“I want to hear what the band heard during playback in the studio. And I want to respect the sound that the engineers and producers tried so hard to capture.” It’s a mantra engineer Steve Hoffman follows whenever he remasters classic, iconic albums, and perhaps those words should be etched between the monitors perched above the mixing consoles in every mastering studio across the globe. One recent labor of reissued love is near and dear to Hoffman's audiophile heart – namely, The Audio Fidelity Collection limited-edition box set that houses four classic Deep Purple albums he remastered: In Rock (1970), Fireball (1971), Machine Head (1972), and Who Do We Think We Are (1973).
“Jeff has incredible studio I.Q. Ask anyone who makes music: he’s one of the great record producers, period.” So says Tom Petty, and? if anyone should know, it’s him, having worked with Jeff Lynne as a producer on sonic blockbusters like his own Full Moon Fever and the Traveling Wilburys’ Volume? 1.
The Dark Side of the Moon has long been considered to be the audiophile benchmark. It's been remastered and reissued a number of times over the years since it was initially released March 1, 1973 and proceeded to spend a record 741 weeks (that's 14.25 years!) on the album charts.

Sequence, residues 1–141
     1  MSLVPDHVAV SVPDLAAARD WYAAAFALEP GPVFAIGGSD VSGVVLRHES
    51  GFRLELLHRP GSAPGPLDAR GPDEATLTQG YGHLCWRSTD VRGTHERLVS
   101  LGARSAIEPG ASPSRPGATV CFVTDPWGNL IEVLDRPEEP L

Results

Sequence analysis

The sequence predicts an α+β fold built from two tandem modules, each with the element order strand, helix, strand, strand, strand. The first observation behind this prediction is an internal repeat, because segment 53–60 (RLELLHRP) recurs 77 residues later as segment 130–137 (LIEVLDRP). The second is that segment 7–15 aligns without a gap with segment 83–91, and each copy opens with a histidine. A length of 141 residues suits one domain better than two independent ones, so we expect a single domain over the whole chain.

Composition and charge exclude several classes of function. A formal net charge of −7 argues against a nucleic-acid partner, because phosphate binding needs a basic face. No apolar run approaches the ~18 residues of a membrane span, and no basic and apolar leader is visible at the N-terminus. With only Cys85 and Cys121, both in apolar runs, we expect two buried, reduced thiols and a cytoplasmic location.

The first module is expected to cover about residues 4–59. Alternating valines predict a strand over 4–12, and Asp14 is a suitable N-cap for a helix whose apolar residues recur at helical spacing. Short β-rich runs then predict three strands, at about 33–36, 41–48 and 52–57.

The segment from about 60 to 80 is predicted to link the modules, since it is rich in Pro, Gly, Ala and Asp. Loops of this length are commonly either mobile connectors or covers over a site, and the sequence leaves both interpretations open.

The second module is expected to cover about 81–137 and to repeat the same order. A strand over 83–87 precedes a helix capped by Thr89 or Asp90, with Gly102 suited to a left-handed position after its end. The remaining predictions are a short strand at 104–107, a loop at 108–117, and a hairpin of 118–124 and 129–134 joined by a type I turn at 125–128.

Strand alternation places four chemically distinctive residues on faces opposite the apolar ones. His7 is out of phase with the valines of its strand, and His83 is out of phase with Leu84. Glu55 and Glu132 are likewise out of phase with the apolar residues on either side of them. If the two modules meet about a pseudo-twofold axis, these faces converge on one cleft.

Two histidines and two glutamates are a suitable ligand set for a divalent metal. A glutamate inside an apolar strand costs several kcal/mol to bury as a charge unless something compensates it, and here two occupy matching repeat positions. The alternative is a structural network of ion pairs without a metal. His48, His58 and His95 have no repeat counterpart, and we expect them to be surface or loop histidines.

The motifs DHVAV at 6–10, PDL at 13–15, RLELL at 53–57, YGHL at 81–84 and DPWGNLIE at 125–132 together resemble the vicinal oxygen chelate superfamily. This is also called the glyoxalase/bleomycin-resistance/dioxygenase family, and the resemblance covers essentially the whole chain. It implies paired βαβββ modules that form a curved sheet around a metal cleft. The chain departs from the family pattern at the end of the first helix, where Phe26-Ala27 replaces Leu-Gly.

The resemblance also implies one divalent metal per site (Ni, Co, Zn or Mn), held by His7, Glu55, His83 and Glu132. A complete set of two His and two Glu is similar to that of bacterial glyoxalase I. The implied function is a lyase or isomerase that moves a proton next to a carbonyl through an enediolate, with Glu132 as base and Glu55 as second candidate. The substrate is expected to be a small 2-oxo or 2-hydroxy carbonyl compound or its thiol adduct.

Editor's Note: Following Sound & Vision's initial print publication of this article, Neil Young took the post of PonoMusic CEO, replacing John Hamm. The company also named Rick Cohen, PonoMusic's general counsel, to be its COO, and accomplished producer Bruce Botnick to be its Head of Content Acquisition.
If there’s one thing we know about Neil Young, it’s that he’s deeply passionate about how his music gets heard. As an artist who’s long championed sound quality over final-mix compromise, Young has been on a lifelong quest to make sure listeners have the opportunity to hear his music the way he intended from both the studio and the stage, whether it be via high-grade 180-gram virgin vinyl or high-resolution stereo PCM on Blu-ray. “That’s all I do now—192/24,” he tells me. “Back when I started recording, we did everything we could so that our listeners could hear the music. The more we presented and the more you were able to hear, the happier you were. We lost touch with that.”
When asked how he'd like to see his own role defined in our ever-escalating high-definition home-entertainment world, Masi Oka, star of NBC's hit fantasy/sci-fi series Heroes, reaches for the stars. "I'd like to be known as a visionary Blu-ray Bluetooth," he smiles.
It’s nice to feel that the music can be improved, and in the case of Aqualung [which saw a 40th anniversary box-set reissue in 2011 with new stereo and 5.1 mixes by Steven Wilson], that wasn’t difficult because it wasn’t a very good recording.